Post-Apocalyptica is easily mistakable for a genre designed to uphold and deify patriarchy. Looking at the classics of the genre, your Mad Maxes, your Hokuto No Kens, Double Dragons, even your Tripods, it’s plain that a man with a downturned mouth is the icon we’ve made most obvious. And the MRAs grumbling about Furiosa’s imagined
Post-Apocalyptica is easily mistakable for a genre designed to uphold and deify patriarchy. Looking at the classics of the genre, your Mad Maxes, your Hokuto No Kens, Double Dragons, even your Tripods, it’s plain that a man with a downturned mouth is the icon we’ve made most obvious. And the MRAs grumbling about Furiosa’s imagined emasculation of Max in Fury Road are only the pus at the top of that pimple. It’s easy to look at these stories, men travelling, punches being thrown, shaved heads and chopped-back vehicles, and think: this is a story about a badass. The future is for the baddest dudes. It’s a place that forms and welcomes people like Immortan Joe.
This is both fine and false, in my opinion. It’s fine in an abortive sort of way because we all know how to relate to a man in a story. We look at Max or Ken or Billy Lee and think: “I get it.” And sure, that’s bad, if that’s given as the reason or excuse for a fictional horizon full of the same grim man–but it’s not. Because the post-apocalyptic hero who stands the test of time is not a man of men, or, not a machismo machine. Post-Apocalyptica is about survival through the worst of life, and survival means nothing without suffering. These men, Max, Ken, are made to live when dying would be a salve to their battered hearts, because that is what we must all do.
Nevertheless, it would be easy to miss that, from the outside. A hardline misogynist might boycott a film perceived to renege on this Bros Only deal, and a tired, no-patience feminist might find that a glance offers nothing worth bothering for. But I never did, because when I was twelve and just beginning to value hardness, survivalism, and responsive aggression, and to feel the violent existentialism for which these stories serve catharsis, there was a story made for me that put emotionalism, and a varied lineup of girls, front and centre. It was called The Tribe.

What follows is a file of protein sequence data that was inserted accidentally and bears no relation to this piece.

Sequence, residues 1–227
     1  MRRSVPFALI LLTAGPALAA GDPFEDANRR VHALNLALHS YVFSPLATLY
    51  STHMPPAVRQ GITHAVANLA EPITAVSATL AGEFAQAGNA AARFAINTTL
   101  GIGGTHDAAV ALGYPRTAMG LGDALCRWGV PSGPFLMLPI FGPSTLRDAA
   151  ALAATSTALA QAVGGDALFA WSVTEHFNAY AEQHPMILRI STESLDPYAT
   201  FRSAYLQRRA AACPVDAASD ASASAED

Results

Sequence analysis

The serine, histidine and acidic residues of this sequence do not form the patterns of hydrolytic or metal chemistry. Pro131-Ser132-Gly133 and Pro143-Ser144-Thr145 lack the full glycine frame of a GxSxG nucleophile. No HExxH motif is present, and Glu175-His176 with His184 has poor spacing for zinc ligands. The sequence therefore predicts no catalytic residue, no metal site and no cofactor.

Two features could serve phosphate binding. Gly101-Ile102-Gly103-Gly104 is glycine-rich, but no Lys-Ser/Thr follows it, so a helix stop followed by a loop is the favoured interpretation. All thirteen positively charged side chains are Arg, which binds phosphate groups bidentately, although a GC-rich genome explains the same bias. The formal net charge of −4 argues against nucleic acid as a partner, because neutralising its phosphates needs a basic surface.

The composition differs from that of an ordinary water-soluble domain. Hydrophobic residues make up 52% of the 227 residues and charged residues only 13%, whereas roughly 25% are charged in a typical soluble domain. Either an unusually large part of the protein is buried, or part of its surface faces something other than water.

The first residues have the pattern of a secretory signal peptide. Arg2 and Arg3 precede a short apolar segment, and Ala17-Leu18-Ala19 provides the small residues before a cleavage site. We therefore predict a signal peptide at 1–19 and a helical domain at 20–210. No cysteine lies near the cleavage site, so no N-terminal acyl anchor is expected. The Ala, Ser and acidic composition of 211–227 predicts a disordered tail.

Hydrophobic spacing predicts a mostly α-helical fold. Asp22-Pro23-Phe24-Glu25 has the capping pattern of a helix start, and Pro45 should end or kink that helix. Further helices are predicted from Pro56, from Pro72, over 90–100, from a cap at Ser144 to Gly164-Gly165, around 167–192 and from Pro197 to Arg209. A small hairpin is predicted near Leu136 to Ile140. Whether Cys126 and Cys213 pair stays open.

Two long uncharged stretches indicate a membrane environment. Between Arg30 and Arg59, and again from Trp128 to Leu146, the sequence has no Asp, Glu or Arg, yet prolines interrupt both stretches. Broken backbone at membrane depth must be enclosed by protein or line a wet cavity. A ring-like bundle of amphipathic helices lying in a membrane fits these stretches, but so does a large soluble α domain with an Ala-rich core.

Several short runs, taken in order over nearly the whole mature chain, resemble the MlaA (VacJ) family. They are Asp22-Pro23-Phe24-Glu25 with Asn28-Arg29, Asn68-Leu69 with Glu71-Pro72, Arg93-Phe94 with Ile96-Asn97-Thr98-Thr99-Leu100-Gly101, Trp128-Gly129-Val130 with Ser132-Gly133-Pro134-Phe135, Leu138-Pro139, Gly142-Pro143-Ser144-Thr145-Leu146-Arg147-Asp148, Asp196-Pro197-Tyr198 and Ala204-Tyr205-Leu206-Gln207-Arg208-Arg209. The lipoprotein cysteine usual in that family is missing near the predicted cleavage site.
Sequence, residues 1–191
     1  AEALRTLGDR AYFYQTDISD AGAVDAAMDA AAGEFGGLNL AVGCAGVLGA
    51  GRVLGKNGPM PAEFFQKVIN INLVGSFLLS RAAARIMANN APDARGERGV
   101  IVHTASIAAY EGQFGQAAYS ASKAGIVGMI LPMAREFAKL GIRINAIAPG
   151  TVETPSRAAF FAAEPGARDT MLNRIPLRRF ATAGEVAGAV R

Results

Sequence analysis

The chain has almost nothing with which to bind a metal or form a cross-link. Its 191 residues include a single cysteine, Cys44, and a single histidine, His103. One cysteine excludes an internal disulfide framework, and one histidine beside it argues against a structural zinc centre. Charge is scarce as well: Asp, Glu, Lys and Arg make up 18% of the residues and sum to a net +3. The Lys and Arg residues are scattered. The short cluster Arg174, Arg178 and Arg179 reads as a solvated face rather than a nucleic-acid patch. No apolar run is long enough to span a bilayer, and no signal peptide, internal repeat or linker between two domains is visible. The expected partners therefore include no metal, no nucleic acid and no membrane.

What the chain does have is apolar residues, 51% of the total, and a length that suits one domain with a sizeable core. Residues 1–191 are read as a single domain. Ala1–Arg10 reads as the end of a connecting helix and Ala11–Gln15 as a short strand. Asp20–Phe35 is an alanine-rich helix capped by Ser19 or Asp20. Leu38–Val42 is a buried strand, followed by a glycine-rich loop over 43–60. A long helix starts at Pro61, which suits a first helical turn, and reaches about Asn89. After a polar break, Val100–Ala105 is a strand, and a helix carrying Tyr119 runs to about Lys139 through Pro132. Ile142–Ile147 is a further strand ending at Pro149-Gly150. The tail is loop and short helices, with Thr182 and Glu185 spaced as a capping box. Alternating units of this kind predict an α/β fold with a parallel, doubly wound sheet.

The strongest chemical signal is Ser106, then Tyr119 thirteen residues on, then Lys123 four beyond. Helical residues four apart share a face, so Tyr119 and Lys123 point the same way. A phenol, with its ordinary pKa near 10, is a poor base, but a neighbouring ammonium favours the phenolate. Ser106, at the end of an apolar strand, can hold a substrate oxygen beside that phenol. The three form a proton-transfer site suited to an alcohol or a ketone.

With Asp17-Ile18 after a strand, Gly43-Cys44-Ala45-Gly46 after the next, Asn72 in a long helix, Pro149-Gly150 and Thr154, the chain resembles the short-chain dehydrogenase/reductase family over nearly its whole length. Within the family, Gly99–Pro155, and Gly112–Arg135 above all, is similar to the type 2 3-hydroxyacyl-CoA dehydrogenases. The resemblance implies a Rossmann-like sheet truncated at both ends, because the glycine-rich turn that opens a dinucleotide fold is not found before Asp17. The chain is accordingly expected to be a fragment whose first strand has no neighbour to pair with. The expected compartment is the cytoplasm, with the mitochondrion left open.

The Tribe debuted two weeks after my birthday, in 1999, and it ran every week for five straight years. It was a teen/pre-teen drama predicated on the lives of a group of teenagers who survived the viral plague that wiped out every adult and most of the children; in the first season, the oldest character is fifteen. Subverting the One Man Walks aesthetic, its ensemble cast banded together as an unsteady community within a shopping mall, hiding from the violent and frightening Locos—leader Zoot and long-running triumph character Ebony, his superbly complex second in command—who roamed the city bullying everyone without somewhere to belong and looking cool as fuck in their graffiti’d and chopped-back Police fleet. The Tribe watched teenagers cut adrift try to navigate the usual social worries and troubles whilst also attempting to rebuild society, their butting ideologies and freewheeling ethical templates making just as much mess as how intense these sweet, scared, brave brave kids got, when they wanted to kiss and touch.
It was welcoming (in every way, for me, at the time). It made leather clad desperation indisputably accessible. When the end of the world as we know it comes, and some of us are left, that’s gonna be awful! It’s going to be HARD to deal with. You can’t tell a good story in a murdered environment without letting your characters feel it—you can’t express pain properly if you don’t evoke a sense of emotional wholeness. Maybe your character has expressly lost it (“Mad” Max), or warped it (Lex, of the Tribe), but it has to be on the table. What did you cry at in Fury Road? I cried, first, at the WarBoys.
We witness you!